Scotland’s Rare Nightjars In Focus For Artful Migration Exhibition


● Conference to feature Sacha Dench and Chris Fremantle
● What’s the future for arts and conservation collaborations?


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Image: Ted Leeming and Morag Paterson on site at the Lochar Mosses. Photo by: Colin Hattersley.
Image: Ted Leeming and Morag Paterson on site at the Lochar Mosses. Photo by: Colin Hattersley.

A remarkable collaboration between artists and conservationists in the remote Lochar Moss peat bog has been exploring a welcome success in reviving the fortunes of the rare and enigmatic nightjar.

As part of their project well-known fine art landscape photographers Ted Leeming and Morag Paterson’s Nightjar Residency have spent long nights in the Dumfries and Galloway peat bog, following the lives of the shy nocturnal birds.

Their Nightjar Residency is the latest element of the wider Artful Migration initiative which has involved two other residencies in south west Scotland.

One involved the ospreys at Threave Nature Reserve and the other looked at the perilous annual migration of whooper swans from the Iceland to the WWT reserve at Caerlaverock.

Leeming & Paterson will hold an exhibition entitled Much Ado About Nightjars from 14 October to 11 November at Gracefield Arts Centre, Dumfries which will offer insights into the lives of the nightjars in one of their few Scottish habitats.

They will also be among the key contributors to the Artful Migration Conference on 20 October which will bring together artists, conservationists, bird lovers, academics and policymakers to:

  • Reveal the achievements and challenges of the artist residency programmes.
  • Discover how the artists responded to the challenges facing these birds, including shifting weather patterns and changing management of habitats.
  • Listen to keynote speakers from conservation and ecological art perspectives.
  • Consider the implications of Artful Migration for global agendas on the conservation of migratory species.
  • Celebrate the partnerships and collaborations stimulated by Artful Migration, and discuss where these might lead in future.

Keynote speakers will be Sacha Dench (UN Ambassador for Migratory Species) Co-founder of Conservation without Borders, scientist, campaigner for climate action and Chris Fremantle, Research Fellow and Lecturer at Gray's School of Art, producer of public art and design projects, and writer/editor for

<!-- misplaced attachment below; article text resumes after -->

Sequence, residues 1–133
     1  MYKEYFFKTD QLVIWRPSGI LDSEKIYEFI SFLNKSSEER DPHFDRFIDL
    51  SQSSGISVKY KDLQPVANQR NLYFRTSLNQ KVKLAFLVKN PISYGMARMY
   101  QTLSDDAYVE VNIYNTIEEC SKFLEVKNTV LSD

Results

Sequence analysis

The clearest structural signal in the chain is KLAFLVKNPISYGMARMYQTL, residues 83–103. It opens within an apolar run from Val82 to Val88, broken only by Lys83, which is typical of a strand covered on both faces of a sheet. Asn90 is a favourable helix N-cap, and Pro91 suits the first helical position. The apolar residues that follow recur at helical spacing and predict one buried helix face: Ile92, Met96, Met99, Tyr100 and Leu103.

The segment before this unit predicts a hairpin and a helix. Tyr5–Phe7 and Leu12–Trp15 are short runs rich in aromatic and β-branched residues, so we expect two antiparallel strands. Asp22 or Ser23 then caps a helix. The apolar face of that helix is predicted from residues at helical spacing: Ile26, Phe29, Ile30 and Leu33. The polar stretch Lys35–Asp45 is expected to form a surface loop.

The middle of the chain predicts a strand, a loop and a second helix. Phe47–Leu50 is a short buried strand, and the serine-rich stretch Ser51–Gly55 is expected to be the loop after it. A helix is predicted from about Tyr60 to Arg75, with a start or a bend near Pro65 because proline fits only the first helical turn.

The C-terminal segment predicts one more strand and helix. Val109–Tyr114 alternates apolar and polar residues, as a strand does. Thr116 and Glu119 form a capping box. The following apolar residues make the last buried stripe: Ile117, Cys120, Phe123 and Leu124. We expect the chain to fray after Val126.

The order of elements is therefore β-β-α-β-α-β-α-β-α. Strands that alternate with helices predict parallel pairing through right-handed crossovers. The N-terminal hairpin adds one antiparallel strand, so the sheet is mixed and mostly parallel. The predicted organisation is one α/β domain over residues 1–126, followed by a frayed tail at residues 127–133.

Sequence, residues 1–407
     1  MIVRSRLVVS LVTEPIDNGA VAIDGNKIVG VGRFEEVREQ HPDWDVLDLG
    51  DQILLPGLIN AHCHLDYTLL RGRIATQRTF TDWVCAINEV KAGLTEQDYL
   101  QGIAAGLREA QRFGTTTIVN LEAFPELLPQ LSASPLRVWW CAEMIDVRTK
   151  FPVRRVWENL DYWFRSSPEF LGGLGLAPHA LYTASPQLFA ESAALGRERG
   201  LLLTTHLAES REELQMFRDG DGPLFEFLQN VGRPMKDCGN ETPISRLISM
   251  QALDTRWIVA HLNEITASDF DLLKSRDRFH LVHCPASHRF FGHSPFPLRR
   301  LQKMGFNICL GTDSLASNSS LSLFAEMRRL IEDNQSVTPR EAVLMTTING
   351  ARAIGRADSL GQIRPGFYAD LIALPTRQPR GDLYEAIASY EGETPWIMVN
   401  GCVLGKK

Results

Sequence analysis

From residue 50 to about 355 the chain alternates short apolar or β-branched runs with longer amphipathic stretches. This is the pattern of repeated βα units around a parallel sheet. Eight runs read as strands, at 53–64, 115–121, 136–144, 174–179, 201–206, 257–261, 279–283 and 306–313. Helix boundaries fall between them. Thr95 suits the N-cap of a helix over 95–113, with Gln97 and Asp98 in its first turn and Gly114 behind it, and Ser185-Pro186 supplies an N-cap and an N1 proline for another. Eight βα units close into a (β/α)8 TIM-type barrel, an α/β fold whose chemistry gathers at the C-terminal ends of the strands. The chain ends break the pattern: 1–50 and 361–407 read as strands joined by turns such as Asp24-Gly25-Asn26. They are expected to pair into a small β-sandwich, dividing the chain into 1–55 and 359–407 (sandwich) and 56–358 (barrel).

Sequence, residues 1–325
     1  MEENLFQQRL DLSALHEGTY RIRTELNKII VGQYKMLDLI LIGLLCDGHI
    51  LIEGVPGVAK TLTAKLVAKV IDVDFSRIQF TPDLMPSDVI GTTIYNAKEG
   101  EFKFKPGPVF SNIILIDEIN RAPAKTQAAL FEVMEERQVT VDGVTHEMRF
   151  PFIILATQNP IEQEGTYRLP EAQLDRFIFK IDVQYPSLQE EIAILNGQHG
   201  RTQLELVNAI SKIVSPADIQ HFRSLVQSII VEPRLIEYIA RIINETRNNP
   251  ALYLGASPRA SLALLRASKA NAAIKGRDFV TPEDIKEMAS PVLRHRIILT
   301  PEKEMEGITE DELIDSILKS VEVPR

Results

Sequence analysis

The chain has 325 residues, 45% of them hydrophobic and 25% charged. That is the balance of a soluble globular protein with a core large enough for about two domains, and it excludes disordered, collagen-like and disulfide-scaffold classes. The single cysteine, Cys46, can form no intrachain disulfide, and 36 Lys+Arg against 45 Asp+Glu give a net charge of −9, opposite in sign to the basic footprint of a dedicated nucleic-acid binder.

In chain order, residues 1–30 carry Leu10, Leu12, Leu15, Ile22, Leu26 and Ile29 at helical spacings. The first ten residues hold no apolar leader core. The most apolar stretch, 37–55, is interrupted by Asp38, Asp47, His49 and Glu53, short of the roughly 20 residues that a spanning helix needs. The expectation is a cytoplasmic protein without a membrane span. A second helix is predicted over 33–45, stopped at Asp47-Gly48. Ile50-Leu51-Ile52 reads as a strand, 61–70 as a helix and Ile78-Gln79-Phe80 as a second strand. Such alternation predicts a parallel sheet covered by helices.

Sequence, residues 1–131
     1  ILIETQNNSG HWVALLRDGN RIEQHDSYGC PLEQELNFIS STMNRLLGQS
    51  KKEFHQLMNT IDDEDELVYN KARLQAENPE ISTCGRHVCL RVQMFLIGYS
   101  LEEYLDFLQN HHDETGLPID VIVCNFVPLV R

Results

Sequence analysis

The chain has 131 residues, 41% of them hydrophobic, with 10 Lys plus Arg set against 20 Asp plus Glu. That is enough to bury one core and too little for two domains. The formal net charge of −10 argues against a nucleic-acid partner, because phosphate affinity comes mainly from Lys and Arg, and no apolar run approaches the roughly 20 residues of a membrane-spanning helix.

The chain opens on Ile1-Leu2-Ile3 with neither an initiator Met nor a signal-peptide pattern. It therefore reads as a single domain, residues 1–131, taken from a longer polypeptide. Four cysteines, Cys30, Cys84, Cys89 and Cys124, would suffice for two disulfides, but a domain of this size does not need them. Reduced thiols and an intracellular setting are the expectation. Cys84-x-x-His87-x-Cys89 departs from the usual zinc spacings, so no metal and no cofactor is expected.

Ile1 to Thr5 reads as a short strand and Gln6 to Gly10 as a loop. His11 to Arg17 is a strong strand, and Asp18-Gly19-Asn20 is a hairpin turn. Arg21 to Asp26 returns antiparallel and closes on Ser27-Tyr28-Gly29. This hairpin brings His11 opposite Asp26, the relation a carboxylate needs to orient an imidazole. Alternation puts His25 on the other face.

Morag said: “The story of the Lochar Moss nightjar is, at least in Scotland and the UK, a positive one with numbers increasing.  

“But they remain rare and face many serious threats along their migration route between Africa and the UK.

“We believe that residencies like this can make a real difference – because artists can work with conservationists and communities in distinctive, imaginative and unusual ways that allow people to see the issues affecting our wildlife and environment from
entirely new perspectives.”

Forest and Land Scotland, which owns a huge conifer plantation on the Lochar Moss bog, recognised its unique qualities and sought to designate it a Site of Special Scientific Interest and Special Area of Conservation in recognition of its ecological importance.  

Following its designation they implemented a 25-year plan to restore their plantation to blanket bog.  

Artful Migration is a collaboration between Upland CIC, Dumfries and Galloway arts development organisation and Virginia Wollaston and Nicholas Paton Philip of Moving Souls Dance.

Virginia said: “Artful Migration has been successful in providing opportunities for artists to work in local habitats to study selected migratory birds nesting in specific habitats managed by local partners. 

“We have been delighted to work with Upland to develop these residencies over a 6-9 month time frame, to allow artists time to immerse themselves in the local habitat and look deeply at the challenging migrations of these birds.

“We could not have done this without local partners, who have encouraged and informed the artists about the birds, supported engagement with audiences and volunteers and provided a final exhibition on each site. Partnership working and collaboration is key to the success of these residencies and we look forward to seeing all the artists exhibit work at Gracefield Arts Centre.

“Our first Artful Migration Conference is a step towards sharing publicly what we have learnt over the past three residencies and finding new partners to ensure that Artful Migration can continue into the future.

“We are delighted to have inspirational figures such as Sacha Dench and Chris Fremantle as keynote speakers alongside contributions from our partnerships with RSPB Scotland; Forest Land Scotland, NTS Scotland, Galloway and Southern Ayrshire UNESCO Biosphere.

“It is obvious that each organisation is making significant adaptations to the way that land  is being managed so that the birds and the biodiversity of food that the birds rely on can survive the challenges of climate change.

“This conference will underline the ways that all of us - as citizens - can play our part to support the extraordinary migration of these birds from Africa and Iceland to Scotland and back again.”

Amy Marletta, Creative Director of Upland, added: “Artful Migration reminds us of how we are all deeply interconnected and responsible for our survival and the future of our planet.

“As an arts organisation we are proud to be involved in its delivery and in helping ensure that the arts and artists are at the forefront of debate about the threats to wildlife and the environment.”

Conference details

Exhibition details

  • 14 October to 11 November
  • Gracefield Arts Centre, Edinburgh Road Dumfries
  • Entry is free